This is the response from MOHW last night. I was surprised at how quickly they responded to me this time. However, MOHW was very careful not to reveal the date when they might start issuing the EPs, but their response should help all of you to understand what is going on, at least to a certain extent. The recommendations have been made and they are waiting for an approval from the higher up.
"...Currently, we have submitted our recommendations for the direction of issuing EPs and determination process and other issues for this year. I wish to express my regrets in the delays in the EP process due to the impending impacts by the new adoption laws that will go into effect this year.
For all the concerned and waiting parents, it is our hope that in the future something could be worked out between the agencies to shorten the waiting periods between the time of referral and the time of granting EPs.
Also starting this August, all adoptions will be handled through the Adoption Court, and there will be greater scrutiny in determining the qualification of adoptive parents. (See Steve’s Note 1 below)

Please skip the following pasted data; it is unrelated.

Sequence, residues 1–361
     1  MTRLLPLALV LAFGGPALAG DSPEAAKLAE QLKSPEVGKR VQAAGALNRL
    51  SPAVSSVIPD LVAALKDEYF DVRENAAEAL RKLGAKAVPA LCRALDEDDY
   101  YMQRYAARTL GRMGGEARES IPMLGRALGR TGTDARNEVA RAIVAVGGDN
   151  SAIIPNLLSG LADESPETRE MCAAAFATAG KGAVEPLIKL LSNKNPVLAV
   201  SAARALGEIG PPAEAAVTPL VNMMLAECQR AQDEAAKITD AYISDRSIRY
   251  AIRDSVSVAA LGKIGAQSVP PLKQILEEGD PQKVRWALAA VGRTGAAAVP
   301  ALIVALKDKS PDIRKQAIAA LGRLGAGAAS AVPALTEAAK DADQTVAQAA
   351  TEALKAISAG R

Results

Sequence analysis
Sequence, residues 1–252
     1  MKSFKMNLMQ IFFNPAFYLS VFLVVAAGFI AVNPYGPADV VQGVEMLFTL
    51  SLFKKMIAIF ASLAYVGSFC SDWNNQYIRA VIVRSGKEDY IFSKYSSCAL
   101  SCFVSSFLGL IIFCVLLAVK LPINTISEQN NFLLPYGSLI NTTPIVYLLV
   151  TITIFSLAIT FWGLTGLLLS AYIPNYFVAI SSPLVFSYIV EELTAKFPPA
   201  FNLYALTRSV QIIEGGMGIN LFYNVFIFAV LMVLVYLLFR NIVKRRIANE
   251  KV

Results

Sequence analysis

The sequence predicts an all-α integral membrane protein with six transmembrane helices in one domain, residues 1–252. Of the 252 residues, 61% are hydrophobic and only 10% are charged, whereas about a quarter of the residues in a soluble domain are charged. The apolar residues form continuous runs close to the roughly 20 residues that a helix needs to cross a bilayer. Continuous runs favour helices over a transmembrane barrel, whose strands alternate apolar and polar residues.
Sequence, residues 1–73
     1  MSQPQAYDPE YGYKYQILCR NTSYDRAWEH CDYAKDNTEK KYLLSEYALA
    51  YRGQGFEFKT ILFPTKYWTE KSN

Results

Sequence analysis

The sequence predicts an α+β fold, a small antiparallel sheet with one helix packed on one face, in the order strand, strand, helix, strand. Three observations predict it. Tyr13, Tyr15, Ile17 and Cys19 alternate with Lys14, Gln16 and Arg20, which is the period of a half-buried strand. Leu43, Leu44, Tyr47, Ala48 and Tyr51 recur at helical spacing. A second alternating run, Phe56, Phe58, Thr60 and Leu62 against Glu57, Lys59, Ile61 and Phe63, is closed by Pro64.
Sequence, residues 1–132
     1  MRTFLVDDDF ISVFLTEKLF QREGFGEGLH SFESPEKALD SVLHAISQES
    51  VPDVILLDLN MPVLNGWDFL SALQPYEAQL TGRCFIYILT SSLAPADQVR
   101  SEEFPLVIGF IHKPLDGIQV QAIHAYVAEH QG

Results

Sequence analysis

There is also an issue of adoptive parents’ responsibility in the US on obtaining the US Citizenships for their adopted children, and please explain to the parents how important this procedure is. (See Steve’s Note 2 below)
Even the US State Department got involved with the issue of long wait period and the issue of some adoptees not getting the US citizenships. We are keenly aware of these problems and it is our hope to resolve them as soon as possible.
I thank you for your interest in adoption and your continued assistance to us."
Steve’s Note 1: This does not apply to parents of intercountry adoption since there is already a thorough screening process in place through the adoption agencies in the US. What MOHW means here by ‘greater scrutiny’ is that there are thousands (between 3000 – 5000) of ‘unofficial’ adoptions taking place within Korea with no home studies nor proper adoption process. Often a verbal agreement is all that is needed to adopt, and this practice has resulted in very high number of adoption disruptions in Korea (i.e. 700 disruptions in a given year). However, the domestic adoptions that have gone through the proper adoption process through Holt, Eastern, SWS and other smaller agencies, the disruption rate is less than 1%. MOHW is now going to require all adoptive parents go through proper screening process to adopt children.
Steve’s Note 2: Some adoptive parents either forget or ignore to apply for the US citizenship for their children. There are some adult adoptees that have grown up in the US, only to find out later that they are not US citizens. Some adult adoptees have run into the laws, and once these adoptees were reported to the immigration authority, they were deported to Korea. MOHW is trying to stop this happening in the future. Unfortunately, there are some adoptees living in Korea that were deported have joined anti-adoption organization and have spoken against intercountry adoption. Parent, please do your thing.